Frohe Weihnachten = Merry Christmas in German.
But first, as we entered Germany from the Netherlands, we made a pit stop at this German windmill:
Surely by now you can tell the difference between a German and a Dutch windmill?
This Geismühle is 700 years old and is one of the oldest preserved windmills from the Lower Rhine region.
As we drove into Köln and parked at our hotel, then took the metro to city center, we started getting impressions:
As so often happens, everything centers around the big church and city hall.
But more on that later....
Snapshots. Impressions. Things to put on the back burner....
...while looking for a place to eat lunch!
We wanted German bratwurst and sauerkraut, the real thing.
We asked and were directed to the Früh restaurant.
More German you cannot get.
And with our tummies full...we started out for our first of 3 Christmas markets: The Cathedral Market.
The Dom is Cologne's Cathedral, the backdrop for this first Christmas market.
Did I mention that Köln was the first city to start the Christmas market in Germany?
That's why we wanted to go there this year, to see what all the fuss is about!
And because we were there, we decided to visit inside the cathedral before moving on.
Before going in, these merry gentlemen made us believe in our youth again.
Construction began in 1248 and was completed in 1880.
As cathedrals go, it may be the darkest we've ever seen on the inside,
though you can't totally tell by these inages.
It's a magnificent structure and is visited by many...like a museum.
The operative words...like a museum. We had no interest in lingering. In fact, if anything, it was so dark, we needed to leave, and we did. It's not something we always feel inside Roman Catholic churches, but this time we did. (If I remember, I'll remind you of that when I show you the church we visited the next day in Nijmegen, NL. But that's another day, another time.)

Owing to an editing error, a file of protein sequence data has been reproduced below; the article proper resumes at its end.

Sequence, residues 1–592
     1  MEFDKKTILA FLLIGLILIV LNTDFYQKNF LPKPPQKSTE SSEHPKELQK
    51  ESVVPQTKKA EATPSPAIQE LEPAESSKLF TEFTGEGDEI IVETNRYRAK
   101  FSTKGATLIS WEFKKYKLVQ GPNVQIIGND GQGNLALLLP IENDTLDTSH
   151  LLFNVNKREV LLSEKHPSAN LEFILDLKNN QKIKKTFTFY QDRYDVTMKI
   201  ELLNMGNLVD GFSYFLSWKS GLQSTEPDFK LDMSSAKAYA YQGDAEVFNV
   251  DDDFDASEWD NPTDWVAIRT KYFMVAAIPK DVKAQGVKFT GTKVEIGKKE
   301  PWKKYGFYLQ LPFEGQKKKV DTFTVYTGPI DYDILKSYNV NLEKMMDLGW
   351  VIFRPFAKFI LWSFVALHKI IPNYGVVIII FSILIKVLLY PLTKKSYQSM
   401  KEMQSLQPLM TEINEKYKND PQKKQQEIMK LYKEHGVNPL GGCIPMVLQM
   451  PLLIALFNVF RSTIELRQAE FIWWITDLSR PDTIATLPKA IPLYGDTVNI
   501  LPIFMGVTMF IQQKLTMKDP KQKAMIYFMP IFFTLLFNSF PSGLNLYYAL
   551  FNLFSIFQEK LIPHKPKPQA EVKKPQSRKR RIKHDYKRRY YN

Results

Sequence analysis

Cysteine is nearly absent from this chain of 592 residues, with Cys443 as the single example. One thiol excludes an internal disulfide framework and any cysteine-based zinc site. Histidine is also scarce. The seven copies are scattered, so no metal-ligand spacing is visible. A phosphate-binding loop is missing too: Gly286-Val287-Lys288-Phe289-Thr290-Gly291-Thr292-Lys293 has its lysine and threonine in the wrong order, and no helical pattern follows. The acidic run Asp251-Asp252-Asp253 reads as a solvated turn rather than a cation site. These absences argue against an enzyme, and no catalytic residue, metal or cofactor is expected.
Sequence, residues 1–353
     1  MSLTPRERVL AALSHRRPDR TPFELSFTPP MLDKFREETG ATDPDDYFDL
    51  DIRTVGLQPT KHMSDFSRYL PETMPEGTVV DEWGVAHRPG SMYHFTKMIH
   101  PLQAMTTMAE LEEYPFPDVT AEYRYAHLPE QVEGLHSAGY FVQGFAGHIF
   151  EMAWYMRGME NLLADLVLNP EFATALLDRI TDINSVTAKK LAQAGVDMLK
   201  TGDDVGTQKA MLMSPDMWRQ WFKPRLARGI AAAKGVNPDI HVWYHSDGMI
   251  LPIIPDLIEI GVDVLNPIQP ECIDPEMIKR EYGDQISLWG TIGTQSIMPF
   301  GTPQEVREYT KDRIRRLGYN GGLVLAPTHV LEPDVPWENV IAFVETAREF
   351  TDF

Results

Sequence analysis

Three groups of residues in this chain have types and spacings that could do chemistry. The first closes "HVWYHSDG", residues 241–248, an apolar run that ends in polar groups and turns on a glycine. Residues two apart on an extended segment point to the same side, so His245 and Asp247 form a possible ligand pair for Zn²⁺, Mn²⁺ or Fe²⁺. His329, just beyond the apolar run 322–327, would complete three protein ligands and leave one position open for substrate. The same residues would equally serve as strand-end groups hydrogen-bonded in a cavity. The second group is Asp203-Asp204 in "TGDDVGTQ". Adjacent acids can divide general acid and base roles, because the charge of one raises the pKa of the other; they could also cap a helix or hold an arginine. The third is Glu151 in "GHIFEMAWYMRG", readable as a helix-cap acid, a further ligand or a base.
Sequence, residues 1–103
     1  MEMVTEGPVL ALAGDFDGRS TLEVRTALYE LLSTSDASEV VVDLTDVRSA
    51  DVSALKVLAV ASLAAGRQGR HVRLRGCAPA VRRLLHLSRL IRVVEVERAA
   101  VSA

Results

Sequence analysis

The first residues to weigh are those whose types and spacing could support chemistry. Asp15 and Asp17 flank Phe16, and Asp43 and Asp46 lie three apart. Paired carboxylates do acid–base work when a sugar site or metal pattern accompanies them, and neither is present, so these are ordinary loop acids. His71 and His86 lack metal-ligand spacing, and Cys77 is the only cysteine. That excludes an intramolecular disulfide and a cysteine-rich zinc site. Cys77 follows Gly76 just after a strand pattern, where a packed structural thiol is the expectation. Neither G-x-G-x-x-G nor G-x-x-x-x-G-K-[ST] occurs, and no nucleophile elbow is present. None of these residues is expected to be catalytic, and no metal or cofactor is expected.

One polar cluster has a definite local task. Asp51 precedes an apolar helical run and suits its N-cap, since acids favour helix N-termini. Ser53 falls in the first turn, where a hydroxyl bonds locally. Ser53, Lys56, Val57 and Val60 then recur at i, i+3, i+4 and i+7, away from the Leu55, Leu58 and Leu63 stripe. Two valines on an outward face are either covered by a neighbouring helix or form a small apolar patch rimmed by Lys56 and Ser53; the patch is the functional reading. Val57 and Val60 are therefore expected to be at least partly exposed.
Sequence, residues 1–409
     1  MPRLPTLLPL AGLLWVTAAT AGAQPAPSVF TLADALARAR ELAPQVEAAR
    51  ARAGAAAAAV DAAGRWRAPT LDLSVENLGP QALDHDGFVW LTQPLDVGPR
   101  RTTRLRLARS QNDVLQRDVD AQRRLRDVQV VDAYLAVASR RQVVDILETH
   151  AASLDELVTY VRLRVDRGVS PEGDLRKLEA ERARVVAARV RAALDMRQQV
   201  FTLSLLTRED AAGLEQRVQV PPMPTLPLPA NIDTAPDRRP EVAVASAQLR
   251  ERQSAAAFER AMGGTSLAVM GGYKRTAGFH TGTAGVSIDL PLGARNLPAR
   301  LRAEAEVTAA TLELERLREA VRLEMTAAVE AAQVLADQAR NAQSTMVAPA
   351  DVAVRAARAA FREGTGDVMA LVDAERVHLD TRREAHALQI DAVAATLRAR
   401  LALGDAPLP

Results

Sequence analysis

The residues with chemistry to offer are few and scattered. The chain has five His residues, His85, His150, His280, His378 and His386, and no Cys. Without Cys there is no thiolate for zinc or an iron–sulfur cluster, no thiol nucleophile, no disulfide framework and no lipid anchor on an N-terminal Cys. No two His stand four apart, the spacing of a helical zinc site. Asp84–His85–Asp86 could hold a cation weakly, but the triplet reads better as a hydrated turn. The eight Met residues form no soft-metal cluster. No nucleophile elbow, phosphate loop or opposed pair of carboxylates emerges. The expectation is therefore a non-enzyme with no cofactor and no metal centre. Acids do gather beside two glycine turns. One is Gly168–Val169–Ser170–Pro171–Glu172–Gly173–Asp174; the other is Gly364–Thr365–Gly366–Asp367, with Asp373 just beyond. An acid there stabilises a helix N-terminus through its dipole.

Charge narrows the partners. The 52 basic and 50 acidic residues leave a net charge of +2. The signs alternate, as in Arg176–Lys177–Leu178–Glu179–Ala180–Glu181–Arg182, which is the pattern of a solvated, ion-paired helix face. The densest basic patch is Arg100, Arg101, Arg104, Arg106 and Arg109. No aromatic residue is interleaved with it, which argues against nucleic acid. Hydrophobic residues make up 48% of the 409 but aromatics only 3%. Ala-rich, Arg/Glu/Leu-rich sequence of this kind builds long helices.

Once outside, we refreshed ourselves with hot chestnuts...and some German eggnog!
Time for Christmas market #2: The Altstadt (Old City) Market. You actually just walk from one to the other, separated by 2 or 3 or 4 blocks:
At first I was thinking...once you've seen one you've seen them all. NO!
Each market has it own flavor and art and and theme and shops.
And of course, it was mid-afternoon by now. It all started looking magical.
By the way, that's the old city hall in the bottom-right image.
Yes, they even had ice skating there!
We especially loved how all the merchants were in costume!
From there, we went to our 3rd market of the day: The Angel Market:
Don't you just love having separate themes!
Interestingly, this was the one market where all the workers seemd like angels to me.
Seriously. They looked at me and smiled.
Can you imagine working for 4 weeks at a Christmas market day in and day out
with millions of visitors from around the world in your face?
You'd have to be an angel, I do believe!
It was a great way to end our day. It felt like it was late evening but it was only 5:30p. But we were tired and didn't need to see anything else. Our appetite was fully whetted. In fact, we decided we didn't need to return the next day. Instead, we drove home via Nijmegen, NL. But as I said, that's another day, another
For now, it's time to say Merry Christmas to one and all! Next week I'll say Happy New Year!
(from Web Images)